Kingston continues to introduce new FURY series high-speed system memories for gamers and PC enthusiasts. We got to review the new 32GB (16GB x 2) Kingston FURY BEAST DDR4 RGB RAM with speeds up to 3600 MHz, and here are our thoughts about it.
Features and Specifications
Kingston’s FURY series system memory portfolio features the Fury Renegade, Fury Beast, and Fury Impact. The Fury Renegade is aimed toward the highest end PC configurations and the Fury Impact is for laptops and mini-PCs. The Kingston Fury Beast is also suitable for high-end systems and is classed below the Renegade with respect to design and performance.
The design of the Fury Beast is quite similar to the earlier Kingston HyperX Fury series memory modules that we have tried in the past. But from the obvious removal of the ex-sub-brand, the design of the heat spreader gets new aggressive design curves to appear as a serious gamer-centric product.
While the heat spreader is black in color, the top portion of the memory module holds the RGB lighting effects, featuring the patented Kingston FURY infrared Sync technology. To control the lighting effects, you can use either the FURY CTRL application, or use any of your favorite apps from ASUS, ASRock, MSI, or Gigabyte. The memory offers Intel XMP profiles and is also ready for AMD Ryzen platforms.
Our testbed consists of the ASUS X570-PLUS TUF GAMING motherboard, the AMD Ryzen 7 3800XT processor, XFX Radeon 5700 XT THICC II GPU, a Kingston KC2500 SSD, the Corsair iCUE H100i RGB PRO XT AIO for the CPU, and the XFX XTI 1000W PSU. We used the default 3600MHz-based DOCP profile from the motherboard BIOS for the test with CL18 as its latency. We also ensured that the Infinity Cache is also clocked at 1800 MHz speeds with 1:1 ratio. And according to our analysis using the Thaiphoon Burner application, the 32GB Kingston FURY BEAST DDR4 RGB 3600 MHz that we got for review uses Hynix-based DRAM. It also should be noted that 3600MHz memory speeds are considered the sweet spot for Zen 2-based Ryzen systems and above.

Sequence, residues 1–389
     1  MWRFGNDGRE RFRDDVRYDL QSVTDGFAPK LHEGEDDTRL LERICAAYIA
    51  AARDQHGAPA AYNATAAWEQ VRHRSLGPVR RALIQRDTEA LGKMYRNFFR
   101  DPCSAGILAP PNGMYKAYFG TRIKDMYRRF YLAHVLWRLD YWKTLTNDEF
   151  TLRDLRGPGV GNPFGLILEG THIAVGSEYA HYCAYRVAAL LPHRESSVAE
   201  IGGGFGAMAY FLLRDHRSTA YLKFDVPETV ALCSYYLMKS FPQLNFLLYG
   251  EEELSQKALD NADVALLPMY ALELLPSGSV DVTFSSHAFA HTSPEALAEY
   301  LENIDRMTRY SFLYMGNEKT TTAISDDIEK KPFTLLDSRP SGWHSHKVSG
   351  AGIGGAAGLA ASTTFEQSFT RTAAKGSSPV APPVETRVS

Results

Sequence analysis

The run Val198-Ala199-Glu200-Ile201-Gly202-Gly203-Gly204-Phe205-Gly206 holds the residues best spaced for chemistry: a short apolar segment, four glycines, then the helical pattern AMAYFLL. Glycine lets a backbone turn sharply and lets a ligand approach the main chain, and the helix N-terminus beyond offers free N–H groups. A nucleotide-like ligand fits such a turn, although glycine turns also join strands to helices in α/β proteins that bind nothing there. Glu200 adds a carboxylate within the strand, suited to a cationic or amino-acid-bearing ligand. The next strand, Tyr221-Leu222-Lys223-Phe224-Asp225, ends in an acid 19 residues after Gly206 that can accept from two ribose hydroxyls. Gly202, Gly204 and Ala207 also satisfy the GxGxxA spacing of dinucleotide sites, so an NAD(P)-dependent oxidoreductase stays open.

We decided to run most of our tests on both the latest versions of Windows 10 Pro and Windows 11 Pro. Our first test runs are based on AIDA64’s Cache & Memory benchmarks. While we got an average of 69.8ns latency on both versions of Windows, there were some differences when it comes to the L3 read/write cache speeds. On Windows 10 Pro, we got a read speed of 654GB/s, a write speed of 594GB/s, and a copy speed of 583GB/s. But on Windows 11 Pro, we ended up testing multiple times and got different L3 speeds. The read speeds were 474GB/s on the first run and 643GB/s on the second run, write speeds of 573GB/s on the first run, and 203GB/s on the second run, and copy speeds of 255GB/s on the first run and 412GB/s on the second run. We did not face this many differences when running the benchmark multiple times on Windows 10 Pro.
That said, we also ran more benchmarks such as the Cinebench R23 CPU test, Futuremark’s PC Mark 10 Extended and CPU Profile tests, 3D Mark FireStrike and TimeSpy tests, and Superposition test, and some gaming benchmarks. Take a look at the scores below.
For those who are on the lookout for a decent high-speed DDR4 memory for their newly built system or to upgrade an existing machine, then take a look at the new Kingston FURY BEAST DDR4 RGB with 3600Mhz speeds/ CL18 latency. The memory works well with Ryzen systems and Intel platforms. The heat spreader does feature a similar design as the previous HyperX memories.
And the RGB lighting can be controlled with either the FURY CTRL application or any of your favorite control-based apps from popular brands such as ASUS, ASRock, MSI, or Gigabyte. The memory modules feature Hynix-based DRAM and the performance is good on both Windows 10 and Windows 11 systems.